Cloudflare doesn't really pay anyone to hack on Cap'n Proto specifically. They pay us to build Cloudflare Workers, and in doing that we add what we need to Cap'n Proto (or, more commonly, KJ). If someone on a Protobuf-using project decided they needed a change in Protobuf, they could go make that change. Of course, employing the owner of the project makes it a lot easier to get changes accepted, so there's that.

In any case, it's accurate to say Cloudflare is using and driving development of Cap'n Proto, but it's not accurate to say that Cap'n Proto is Cloudflare's "primary" internal RPC system.

-Kenton

Zach Lym

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Mar 16, 2021, 3:26:28 PMMar 16
to Kenton Varda, Cap'n Proto
I might say: "As of March 2021, three-party handoff and capability equality -- two advanced-but-important features of CapTP -- are not yet supported by Cap'n Proto."

That sounds a bit too massaged.  I think it should flatly state that the reference implementation doesn't implement the full standard.

Fair enough.

Maybe: "As of March 2021, Cap'n Proto's reference implementation does not support all of the features that have been specified in its own protocol. In particular, three-party handoff and capability equality -- identified in the spec as level 3 and level 4, respectively -- are not yet supported."

I agree with you that an explanation of the protocols should precede this statement.  But if you are self conscious about Cap'n Proto not supporting levels 3 & 4 ... it is weird and it makes Cap'n Proto feel half baked 😟.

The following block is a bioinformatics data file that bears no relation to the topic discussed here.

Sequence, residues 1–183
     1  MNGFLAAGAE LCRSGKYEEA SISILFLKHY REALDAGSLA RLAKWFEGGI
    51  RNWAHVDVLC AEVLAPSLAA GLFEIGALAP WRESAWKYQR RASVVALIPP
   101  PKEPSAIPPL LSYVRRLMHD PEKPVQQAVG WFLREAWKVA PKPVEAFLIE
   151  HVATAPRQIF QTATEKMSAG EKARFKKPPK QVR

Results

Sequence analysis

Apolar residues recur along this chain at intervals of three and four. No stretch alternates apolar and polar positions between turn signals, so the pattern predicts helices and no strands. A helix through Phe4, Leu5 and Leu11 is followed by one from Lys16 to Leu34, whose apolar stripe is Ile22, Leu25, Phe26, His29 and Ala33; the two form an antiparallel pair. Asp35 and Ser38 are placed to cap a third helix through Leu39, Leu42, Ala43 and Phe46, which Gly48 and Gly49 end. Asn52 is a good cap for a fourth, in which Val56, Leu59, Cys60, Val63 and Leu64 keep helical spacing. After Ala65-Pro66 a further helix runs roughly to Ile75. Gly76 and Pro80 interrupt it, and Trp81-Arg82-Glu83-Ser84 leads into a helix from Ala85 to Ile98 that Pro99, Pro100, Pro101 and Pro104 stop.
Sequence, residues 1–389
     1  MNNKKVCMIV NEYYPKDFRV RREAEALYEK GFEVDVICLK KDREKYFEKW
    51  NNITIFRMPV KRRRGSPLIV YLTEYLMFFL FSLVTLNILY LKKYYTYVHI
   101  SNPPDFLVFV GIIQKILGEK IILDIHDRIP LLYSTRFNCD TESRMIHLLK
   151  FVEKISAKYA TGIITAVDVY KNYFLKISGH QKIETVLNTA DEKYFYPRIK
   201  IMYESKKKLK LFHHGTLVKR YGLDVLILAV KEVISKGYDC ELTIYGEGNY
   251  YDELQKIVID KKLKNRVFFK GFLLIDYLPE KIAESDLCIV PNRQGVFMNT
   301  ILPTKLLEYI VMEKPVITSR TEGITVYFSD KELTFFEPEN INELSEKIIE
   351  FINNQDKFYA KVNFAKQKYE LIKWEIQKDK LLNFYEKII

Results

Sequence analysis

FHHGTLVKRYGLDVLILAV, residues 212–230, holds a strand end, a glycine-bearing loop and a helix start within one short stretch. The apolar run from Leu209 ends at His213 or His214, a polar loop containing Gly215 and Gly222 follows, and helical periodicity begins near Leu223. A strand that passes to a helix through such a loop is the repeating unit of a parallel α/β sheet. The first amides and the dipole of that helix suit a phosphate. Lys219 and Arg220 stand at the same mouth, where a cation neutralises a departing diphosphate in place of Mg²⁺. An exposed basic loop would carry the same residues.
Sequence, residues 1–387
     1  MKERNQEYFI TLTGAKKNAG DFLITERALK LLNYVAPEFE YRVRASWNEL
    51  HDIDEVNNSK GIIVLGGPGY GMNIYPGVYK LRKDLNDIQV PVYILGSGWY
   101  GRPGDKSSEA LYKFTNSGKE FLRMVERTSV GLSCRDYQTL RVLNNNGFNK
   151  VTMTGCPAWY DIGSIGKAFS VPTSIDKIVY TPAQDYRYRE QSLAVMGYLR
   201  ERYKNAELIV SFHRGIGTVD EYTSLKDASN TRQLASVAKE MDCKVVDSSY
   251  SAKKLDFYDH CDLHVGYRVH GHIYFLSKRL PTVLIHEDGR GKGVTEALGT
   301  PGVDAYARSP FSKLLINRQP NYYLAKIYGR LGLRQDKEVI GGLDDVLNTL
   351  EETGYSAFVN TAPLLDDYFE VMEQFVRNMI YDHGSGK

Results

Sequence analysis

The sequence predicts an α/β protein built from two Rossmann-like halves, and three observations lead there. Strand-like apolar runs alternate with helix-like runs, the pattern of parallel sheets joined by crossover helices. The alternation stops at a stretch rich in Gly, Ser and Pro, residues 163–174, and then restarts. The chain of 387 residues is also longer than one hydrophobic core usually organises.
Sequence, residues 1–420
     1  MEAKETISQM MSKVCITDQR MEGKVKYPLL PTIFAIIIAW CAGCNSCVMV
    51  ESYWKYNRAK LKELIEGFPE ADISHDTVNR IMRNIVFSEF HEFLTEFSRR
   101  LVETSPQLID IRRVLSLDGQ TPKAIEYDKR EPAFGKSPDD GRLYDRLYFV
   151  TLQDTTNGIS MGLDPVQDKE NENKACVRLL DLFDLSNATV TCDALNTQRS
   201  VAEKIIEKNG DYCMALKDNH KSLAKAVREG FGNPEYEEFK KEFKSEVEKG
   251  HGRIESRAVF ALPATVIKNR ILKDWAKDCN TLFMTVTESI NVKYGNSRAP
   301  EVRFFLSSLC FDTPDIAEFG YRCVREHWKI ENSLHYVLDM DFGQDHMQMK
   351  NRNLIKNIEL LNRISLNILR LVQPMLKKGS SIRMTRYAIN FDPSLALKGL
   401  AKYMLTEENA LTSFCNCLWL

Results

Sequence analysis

I'm not saying this because I want to be mean, I love Cap'n Proto and want to see it succeed!  But the reference implementation being in C++ means it's not suitable for medium-to-high assurance projects, it lacks features that really set it apart from other frameworks (zero-copy IPC, advanced OCap functionality, and built in encryption), and it's not available in as many languages as competitors.  I really don't like giving this type of feedback, but hopefully it's constructive.
 
Google also uses a variety of other technologies, but I think it's accurate to say that Protobufs/gRPC is their "primary" RPC system.  I know you don't want to oversell your role in the company, but I don't think we should split hairs here.  What I'm trying to get across is that there is a massive technology company which adopted it internally and is actively contributing financial support to the project.  Does Cloudflare pay developers to hack on protobufs or Thrift?

I don't think you can consider these equivalent. Nearly every project and engineer at Google uses Protobuf. If you try to choose something else you'll get pushback. At Cloudflare, each team makes their own decisions about what to use and doesn't receive any pressure to choose one tech over the other. I think only three projects use Cap'n Proto, out of dozens. There are probably more projects using Protobuf than Cap'n Proto (but I haven't done a survey).

Cloudflare doesn't really pay anyone to hack on Cap'n Proto specifically. They pay us to build Cloudflare Workers, and in doing that we add what we need to Cap'n Proto (or, more commonly, KJ). If someone on a Protobuf-using project decided they needed a change in Protobuf, they could go make that change. Of course, employing the owner of the project makes it a lot easier to get changes accepted, so there's that.